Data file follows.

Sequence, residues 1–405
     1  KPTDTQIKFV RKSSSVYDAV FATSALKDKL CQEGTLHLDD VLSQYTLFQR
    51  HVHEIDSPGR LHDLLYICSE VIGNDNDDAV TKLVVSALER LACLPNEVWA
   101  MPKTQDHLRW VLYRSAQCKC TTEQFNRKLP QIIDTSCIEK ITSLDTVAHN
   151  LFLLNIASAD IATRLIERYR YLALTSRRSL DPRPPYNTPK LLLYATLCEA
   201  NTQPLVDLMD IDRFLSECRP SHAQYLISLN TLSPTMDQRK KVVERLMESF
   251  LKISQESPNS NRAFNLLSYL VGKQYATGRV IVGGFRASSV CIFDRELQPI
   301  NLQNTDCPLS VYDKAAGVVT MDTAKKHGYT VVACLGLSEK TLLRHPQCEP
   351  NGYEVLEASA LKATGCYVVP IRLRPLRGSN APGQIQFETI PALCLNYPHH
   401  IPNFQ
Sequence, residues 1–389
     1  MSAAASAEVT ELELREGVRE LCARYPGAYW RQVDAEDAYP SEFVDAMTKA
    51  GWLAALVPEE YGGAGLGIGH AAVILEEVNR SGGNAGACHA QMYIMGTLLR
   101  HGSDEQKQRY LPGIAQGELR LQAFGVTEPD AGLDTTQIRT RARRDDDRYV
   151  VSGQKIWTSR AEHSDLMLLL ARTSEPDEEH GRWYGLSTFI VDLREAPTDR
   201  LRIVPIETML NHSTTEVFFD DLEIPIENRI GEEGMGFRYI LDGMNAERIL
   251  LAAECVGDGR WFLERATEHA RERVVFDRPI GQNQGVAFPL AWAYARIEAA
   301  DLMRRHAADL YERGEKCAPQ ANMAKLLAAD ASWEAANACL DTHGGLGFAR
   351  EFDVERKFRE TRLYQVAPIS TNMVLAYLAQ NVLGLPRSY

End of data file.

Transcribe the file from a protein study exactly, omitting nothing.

Sequence, residues 1–405
     1  KPTDTQIKFV RKSSSVYDAV FATSALKDKL CQEGTLHLDD VLSQYTLFQR
    51  HVHEIDSPGR LHDLLYICSE VIGNDNDDAV TKLVVSALER LACLPNEVWA
   101  MPKTQDHLRW VLYRSAQCKC TTEQFNRKLP QIIDTSCIEK ITSLDTVAHN
   151  LFLLNIASAD IATRLIERYR YLALTSRRSL DPRPPYNTPK LLLYATLCEA
   201  NTQPLVDLMD IDRFLSECRP SHAQYLISLN TLSPTMDQRK KVVERLMESF
   251  LKISQESPNS NRAFNLLSYL VGKQYATGRV IVGGFRASSV CIFDRELQPI
   301  NLQNTDCPLS VYDKAAGVVT MDTAKKHGYT VVACLGLSEK TLLRHPQCEP
   351  NGYEVLEASA LKATGCYVVP IRLRPLRGSN APGQIQFETI PALCLNYPHH
   401  IPNFQ
Sequence, residues 1–389
     1  MSAAASAEVT ELELREGVRE LCARYPGAYW RQVDAEDAYP SEFVDAMTKA
    51  GWLAALVPEE YGGAGLGIGH AAVILEEVNR SGGNAGACHA QMYIMGTLLR
   101  HGSDEQKQRY LPGIAQGELR LQAFGVTEPD AGLDTTQIRT RARRDDDRYV
   151  VSGQKIWTSR AEHSDLMLLL ARTSEPDEEH GRWYGLSTFI VDLREAPTDR
   201  LRIVPIETML NHSTTEVFFD DLEIPIENRI GEEGMGFRYI LDGMNAERIL
   251  LAAECVGDGR WFLERATEHA RERVVFDRPI GQNQGVAFPL AWAYARIEAA
   301  DLMRRHAADL YERGEKCAPQ ANMAKLLAAD ASWEAANACL DTHGGLGFAR
   351  EFDVERKFRE TRLYQVAPIS TNMVLAYLAQ NVLGLPRSY